Hossa: We have to win the third game

ROBERT TYCHKOWSKI, QMI Agency

, Last Updated: 6:57 PM ET

CHICAGO - When a save needs to be made, Vancouver is getting it. When a goal needs to be scored, Vancouver is scoring it. And when a game needs to be won, Vancouver is winning it.

So if you’re Chicago, caught flat footed in Game 1 and unable to complete one of your patented resurrections in Game 2, you woke up Sunday morning wondering, for the first time in as long as you can remember, if maybe your best just isn’t good enough.

Injured, worn out from a frantic stretch drive and weakened by attrition, the defending champions look ready to fall.

“We have to win the third game,” said Chicago forward Marian Hossa. “Otherwise it’s not going to be good.”

No, no it’s not.

They’re already staring up at a circle of daylight like a kid trapped in the bottom of a well, and the reasons they fell in don’t matter half as much as their plan to get out.

“There’s no excuses, whoever’s hurt you throw the next person in and continue to roll,” said defenceman Brian Campbell. “Nobody’s going to feel sorry for us and it’s not going to win us a playoff series.”

Best not good enough? With Hossa, Jonathan Toews, Patrick Kane, and Patrick Sharp limited to one assist in the first two games, most will argue that the Hawks have yet to table their best.

Head coach Joel Quennevile, lacking the depth he had last year, has no choice but to take the whip to his top guys - Toews is averaging 22:40 per game (four more minutes than Daniel Sedin) while Kane is playing 22:05 - and it’s not working.

“We’re doing a good job on their big guys right now, we’re hoping to frustrate them,” said Canucks defenceman Kevin Bieksa. “We’re playing those guys hard. Their minutes are hard ones. It’s not one or two guys, it’s everybody finishing those guys and making it difficult.”

It’s difficult, all right. The losing hurts more than the hitting.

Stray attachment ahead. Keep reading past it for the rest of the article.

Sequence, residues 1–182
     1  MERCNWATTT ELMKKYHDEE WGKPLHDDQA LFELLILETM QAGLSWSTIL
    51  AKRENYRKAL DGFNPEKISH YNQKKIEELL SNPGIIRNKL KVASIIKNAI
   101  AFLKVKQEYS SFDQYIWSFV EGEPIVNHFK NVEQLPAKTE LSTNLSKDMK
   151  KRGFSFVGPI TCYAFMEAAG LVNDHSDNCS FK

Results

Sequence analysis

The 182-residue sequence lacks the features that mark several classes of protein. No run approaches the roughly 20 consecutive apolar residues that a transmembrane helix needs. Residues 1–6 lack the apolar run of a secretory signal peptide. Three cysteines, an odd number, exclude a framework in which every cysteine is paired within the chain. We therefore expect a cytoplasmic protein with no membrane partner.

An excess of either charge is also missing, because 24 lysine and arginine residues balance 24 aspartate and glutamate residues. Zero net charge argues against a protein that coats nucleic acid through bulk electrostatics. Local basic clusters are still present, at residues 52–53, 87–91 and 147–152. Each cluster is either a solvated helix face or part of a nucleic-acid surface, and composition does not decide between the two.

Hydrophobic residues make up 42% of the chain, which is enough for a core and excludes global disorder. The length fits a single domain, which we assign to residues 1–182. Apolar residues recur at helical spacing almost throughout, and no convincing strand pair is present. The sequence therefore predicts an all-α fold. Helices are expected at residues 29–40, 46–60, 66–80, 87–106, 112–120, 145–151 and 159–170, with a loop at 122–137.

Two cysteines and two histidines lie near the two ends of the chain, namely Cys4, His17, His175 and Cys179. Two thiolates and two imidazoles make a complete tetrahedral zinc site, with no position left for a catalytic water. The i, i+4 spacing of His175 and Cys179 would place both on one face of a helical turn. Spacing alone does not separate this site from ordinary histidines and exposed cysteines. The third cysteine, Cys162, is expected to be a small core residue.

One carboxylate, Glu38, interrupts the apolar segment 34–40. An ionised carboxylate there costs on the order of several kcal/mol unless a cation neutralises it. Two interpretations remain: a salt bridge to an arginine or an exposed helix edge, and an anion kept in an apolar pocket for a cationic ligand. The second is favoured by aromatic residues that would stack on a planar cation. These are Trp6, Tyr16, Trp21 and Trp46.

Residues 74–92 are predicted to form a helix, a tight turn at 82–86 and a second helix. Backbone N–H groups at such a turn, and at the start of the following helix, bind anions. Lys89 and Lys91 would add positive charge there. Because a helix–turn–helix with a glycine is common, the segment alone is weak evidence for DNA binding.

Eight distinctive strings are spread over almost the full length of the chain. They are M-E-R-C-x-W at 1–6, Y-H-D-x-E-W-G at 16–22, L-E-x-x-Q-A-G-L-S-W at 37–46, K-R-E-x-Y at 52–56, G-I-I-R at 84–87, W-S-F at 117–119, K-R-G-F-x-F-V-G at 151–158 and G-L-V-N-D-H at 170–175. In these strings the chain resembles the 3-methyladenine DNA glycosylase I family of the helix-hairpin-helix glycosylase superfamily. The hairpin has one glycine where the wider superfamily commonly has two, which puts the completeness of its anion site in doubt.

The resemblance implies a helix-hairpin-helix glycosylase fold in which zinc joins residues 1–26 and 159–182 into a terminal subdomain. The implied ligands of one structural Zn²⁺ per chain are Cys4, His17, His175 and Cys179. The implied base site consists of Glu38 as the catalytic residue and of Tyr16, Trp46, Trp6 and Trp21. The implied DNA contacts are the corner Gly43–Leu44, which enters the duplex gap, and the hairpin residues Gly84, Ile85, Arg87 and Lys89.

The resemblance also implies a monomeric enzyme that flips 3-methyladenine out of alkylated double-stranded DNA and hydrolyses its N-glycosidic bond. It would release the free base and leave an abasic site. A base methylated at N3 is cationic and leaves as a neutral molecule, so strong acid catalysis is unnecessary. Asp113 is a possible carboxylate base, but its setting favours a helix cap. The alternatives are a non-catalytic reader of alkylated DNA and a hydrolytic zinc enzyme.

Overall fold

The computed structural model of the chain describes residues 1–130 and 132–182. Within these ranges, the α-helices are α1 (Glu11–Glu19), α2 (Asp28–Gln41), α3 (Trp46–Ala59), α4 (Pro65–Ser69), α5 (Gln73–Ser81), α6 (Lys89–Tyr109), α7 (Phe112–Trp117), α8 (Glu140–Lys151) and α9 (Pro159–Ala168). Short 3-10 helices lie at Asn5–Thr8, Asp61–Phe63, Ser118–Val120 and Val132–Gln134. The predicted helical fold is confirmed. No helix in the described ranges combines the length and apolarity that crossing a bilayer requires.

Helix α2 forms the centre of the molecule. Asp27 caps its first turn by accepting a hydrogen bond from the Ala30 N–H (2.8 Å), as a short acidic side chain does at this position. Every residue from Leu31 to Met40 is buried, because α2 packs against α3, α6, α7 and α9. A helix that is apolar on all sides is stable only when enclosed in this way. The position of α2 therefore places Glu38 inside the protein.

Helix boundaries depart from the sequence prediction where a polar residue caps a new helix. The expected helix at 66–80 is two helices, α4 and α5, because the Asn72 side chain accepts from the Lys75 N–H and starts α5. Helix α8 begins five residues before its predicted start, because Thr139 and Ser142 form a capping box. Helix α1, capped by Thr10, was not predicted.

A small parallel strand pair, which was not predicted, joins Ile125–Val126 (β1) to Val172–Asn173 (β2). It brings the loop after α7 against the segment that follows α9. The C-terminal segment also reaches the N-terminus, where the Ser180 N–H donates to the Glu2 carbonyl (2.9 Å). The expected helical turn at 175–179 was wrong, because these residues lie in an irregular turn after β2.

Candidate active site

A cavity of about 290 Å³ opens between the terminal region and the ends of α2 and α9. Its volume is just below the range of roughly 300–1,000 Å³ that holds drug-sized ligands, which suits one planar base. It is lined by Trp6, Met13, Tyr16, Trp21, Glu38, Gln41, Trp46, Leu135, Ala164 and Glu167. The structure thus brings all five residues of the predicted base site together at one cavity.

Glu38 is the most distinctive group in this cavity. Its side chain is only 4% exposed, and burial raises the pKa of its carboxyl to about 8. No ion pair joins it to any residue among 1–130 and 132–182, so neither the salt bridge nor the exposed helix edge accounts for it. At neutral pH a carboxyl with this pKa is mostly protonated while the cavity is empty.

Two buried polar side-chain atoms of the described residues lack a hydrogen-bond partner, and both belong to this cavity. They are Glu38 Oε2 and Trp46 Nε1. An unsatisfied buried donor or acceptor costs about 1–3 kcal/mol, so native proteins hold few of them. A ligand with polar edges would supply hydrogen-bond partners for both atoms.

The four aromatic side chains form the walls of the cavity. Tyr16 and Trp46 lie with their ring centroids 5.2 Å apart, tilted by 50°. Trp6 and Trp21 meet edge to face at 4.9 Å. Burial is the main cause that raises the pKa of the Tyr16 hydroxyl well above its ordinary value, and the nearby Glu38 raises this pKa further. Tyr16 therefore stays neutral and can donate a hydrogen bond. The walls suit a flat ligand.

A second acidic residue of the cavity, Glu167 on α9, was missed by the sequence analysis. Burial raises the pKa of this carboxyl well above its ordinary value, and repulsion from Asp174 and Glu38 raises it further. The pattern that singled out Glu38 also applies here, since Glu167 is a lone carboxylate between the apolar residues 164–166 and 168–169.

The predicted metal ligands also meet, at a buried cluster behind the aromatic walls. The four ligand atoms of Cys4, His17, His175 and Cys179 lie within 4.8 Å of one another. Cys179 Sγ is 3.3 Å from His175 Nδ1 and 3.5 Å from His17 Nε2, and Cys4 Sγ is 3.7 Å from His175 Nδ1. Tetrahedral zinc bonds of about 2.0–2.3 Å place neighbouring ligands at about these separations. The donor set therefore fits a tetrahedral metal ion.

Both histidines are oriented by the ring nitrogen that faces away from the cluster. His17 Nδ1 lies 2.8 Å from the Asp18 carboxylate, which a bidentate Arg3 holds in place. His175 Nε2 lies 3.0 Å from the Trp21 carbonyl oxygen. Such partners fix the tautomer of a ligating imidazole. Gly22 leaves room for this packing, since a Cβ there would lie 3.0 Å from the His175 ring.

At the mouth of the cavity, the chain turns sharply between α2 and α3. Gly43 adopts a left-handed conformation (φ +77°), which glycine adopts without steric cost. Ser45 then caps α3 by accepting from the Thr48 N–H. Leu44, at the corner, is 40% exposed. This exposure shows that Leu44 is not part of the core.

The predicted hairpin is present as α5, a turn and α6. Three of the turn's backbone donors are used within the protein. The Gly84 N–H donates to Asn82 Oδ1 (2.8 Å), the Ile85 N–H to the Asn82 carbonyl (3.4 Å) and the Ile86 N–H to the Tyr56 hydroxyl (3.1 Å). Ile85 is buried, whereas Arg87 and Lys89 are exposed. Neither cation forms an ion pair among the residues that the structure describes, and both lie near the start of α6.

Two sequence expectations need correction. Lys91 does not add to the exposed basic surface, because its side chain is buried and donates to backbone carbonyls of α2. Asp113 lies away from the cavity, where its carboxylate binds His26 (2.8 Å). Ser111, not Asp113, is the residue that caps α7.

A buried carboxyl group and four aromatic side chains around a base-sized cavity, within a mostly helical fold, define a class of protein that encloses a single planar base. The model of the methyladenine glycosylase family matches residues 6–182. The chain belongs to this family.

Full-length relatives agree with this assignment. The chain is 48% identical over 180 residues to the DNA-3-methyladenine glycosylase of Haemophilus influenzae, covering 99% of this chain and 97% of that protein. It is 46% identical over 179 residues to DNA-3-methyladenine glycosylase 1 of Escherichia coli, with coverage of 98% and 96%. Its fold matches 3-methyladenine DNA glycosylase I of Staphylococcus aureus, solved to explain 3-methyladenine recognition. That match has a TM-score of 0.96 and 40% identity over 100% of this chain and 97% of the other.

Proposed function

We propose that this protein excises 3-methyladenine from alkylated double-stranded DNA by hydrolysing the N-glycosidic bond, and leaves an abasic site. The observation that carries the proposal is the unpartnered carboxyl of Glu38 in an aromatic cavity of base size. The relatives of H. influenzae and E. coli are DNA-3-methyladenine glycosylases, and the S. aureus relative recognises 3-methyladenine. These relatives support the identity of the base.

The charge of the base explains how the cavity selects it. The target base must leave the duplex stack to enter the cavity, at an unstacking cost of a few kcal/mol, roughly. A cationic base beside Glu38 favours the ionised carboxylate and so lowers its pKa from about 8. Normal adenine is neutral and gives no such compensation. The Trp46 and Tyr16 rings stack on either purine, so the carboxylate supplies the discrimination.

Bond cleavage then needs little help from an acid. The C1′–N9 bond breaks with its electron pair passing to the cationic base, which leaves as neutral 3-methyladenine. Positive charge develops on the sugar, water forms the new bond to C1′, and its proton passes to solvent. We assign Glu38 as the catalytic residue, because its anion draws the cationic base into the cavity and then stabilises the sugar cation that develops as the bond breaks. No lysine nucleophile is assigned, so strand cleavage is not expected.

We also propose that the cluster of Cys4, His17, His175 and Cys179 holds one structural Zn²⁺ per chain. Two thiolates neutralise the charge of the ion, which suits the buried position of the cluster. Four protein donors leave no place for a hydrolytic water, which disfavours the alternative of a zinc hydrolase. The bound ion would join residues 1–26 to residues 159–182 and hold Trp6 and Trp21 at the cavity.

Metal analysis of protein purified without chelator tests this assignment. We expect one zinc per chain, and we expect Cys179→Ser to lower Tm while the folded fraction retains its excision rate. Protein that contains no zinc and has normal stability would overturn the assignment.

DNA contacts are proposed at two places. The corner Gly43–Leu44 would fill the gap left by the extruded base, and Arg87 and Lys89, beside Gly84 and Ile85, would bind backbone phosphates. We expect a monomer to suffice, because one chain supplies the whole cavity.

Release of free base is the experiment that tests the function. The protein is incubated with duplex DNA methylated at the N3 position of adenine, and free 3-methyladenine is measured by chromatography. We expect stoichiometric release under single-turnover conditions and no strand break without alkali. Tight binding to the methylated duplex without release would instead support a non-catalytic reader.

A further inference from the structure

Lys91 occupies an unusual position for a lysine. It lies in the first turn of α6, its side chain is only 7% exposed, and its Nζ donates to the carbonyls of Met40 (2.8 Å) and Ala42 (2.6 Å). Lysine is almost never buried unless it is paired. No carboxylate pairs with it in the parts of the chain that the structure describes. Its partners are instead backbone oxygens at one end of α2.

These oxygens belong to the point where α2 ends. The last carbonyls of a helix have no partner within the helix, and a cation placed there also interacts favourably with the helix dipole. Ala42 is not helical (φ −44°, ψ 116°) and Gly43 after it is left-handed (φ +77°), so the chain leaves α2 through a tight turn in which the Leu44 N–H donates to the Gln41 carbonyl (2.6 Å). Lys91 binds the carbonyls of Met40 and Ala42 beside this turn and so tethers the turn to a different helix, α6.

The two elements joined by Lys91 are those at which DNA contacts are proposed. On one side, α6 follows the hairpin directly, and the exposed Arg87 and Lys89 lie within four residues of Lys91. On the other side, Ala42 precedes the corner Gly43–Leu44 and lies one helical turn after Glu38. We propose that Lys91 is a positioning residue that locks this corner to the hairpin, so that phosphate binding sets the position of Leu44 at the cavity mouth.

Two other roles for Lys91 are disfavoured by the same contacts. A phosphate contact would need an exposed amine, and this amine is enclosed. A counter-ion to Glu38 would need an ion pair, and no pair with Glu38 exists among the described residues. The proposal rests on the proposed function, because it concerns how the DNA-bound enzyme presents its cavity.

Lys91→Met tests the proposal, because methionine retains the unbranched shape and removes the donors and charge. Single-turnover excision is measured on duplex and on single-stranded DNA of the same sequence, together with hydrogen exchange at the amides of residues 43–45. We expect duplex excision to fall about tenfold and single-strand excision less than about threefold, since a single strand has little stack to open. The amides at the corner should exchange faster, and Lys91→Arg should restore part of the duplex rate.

“We know we can be better, we know we’ve got more in the tank here,” said Kane. “The good thing is we’re going home. We’re in our building, a place that’s really fun to play in, a place that’s probably going to be on fire for us.”

A year ago Chicago didn’t need any help. They won wherever they felt like winning. This time, they’re hoping adrenaline, crowd noise and last change will do for them what The Clear did for Barry Bonds.

If the Hawks are ever going to make a stand, it will come Sunday night. Vancouver is bracing for it.

“They’re going to come out hard the next game, we know that,” said Daniel Sedin. “It’s a championship team over there, they’re never out of it. They’re at home now and they’re going to be better.”

The margin of victory in either game was bikini model thin, but the margin in the series is 2-0, and that’s a sobering gulf, even if the Hawks haven’t played a home game yet.

Can the Madhouse on Madison make the difference?

“It’s a great place to play, great atmosphere,” said Vancouver’s Alex Burrows, who’s actually looking forward to enemy territory. “The national anthem really gets you going, that’s the thing that I enjoy the most about playing in that building, when the fans are all standing up and being really loud, that’s one of the experiences that you really enjoy.

“It’s a tough building to win in, the fans are loud and they’re into the game. But at the same time, if you get the first goal and really silence them, maybe make them turn against their own team a little bit, you know you’ve got them in a good spot.”

ROBERT.TYCHKOWSKI@Sunmedia.ca

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